Asiana Airlines Flight OZ214 and the Montreal Convention

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August 23, 2013

When an international flight is involved in a crash, a multinational treaty known as the Montreal Convention addresses and determines various issues relative to airline obligations and passenger rights and compensation. The treaty only applies to air carriers, not aircraft and parts manufacturers, the federal government or airport personnel, i.e. other entities who may have been responsible for the July 6th Asiana Flight OZ214 disaster at San Francisco International Airport.

The Montreal Convention is named for the city in Canada in which it was drafted in 1999. It replaces the Warsaw Convention of 1929 which previously governed international aviation law. The three countries with the most direct ties to the Asiana crash, the United States, Korea and China, are all signatories to the treaty and are therefore bound by it.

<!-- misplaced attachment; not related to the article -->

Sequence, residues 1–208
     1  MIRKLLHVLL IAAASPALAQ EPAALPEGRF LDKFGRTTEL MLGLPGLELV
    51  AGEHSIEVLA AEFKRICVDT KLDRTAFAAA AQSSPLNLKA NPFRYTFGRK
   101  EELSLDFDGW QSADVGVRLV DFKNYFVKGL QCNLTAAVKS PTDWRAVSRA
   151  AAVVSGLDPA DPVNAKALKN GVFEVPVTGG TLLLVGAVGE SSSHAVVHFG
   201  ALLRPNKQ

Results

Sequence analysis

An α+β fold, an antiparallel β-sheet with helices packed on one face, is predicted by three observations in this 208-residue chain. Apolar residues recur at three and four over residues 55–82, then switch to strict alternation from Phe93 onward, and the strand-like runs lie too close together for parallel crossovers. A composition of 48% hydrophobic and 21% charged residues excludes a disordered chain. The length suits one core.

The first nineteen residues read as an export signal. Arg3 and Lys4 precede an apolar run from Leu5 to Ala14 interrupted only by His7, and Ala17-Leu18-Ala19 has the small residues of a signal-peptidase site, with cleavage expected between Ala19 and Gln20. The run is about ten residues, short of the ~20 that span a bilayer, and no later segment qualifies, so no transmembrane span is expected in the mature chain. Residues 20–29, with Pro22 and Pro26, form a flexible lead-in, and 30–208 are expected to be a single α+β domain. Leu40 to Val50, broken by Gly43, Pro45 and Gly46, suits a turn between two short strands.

Montreal ConventionThe Montreal Convention limits the place where international aviation disaster cases against the airline may be litigated to:

1. The passenger's residence;
2. The final destination of the passenger;
3. The country in which the ticket was sold or purchased;
4. The country where the airline is based; and
5. The country where the airline is incorporated.

The 64 passengers on Flight 217 who are United States citizens will clearly be entitled to file suit against Asiana Airlines in the U.S. However, the 141 Chinese and 77 South Korean passengers, as well as the 9 passengers from various other non-U.S. countries, present a more complex situation with regard to whether Asiana, a South Korean company, can be sued by them in the U.S. These are issues which will be litigated and decided in the courts. The itinerary of each passenger will be examined as part of the effort to determine where that passenger might be allowed to file suit against Asiana Airlines. However, because the Montreal Convention does not cover any company other than the airline everyone, including Chinese, Korean and other non-U.S. resident passengers, will be permitted to file their claims against potential defendants such as The Boeing Company (the U.S. corporation that designed and manufactured the 777 model aircraft), various equipment and parts manufacturers, the Federal Government, entities who owned and maintained the electronic approach and landing equipment at the airport, the owner of SFO, airport personnel, and rescue/fire department personnel.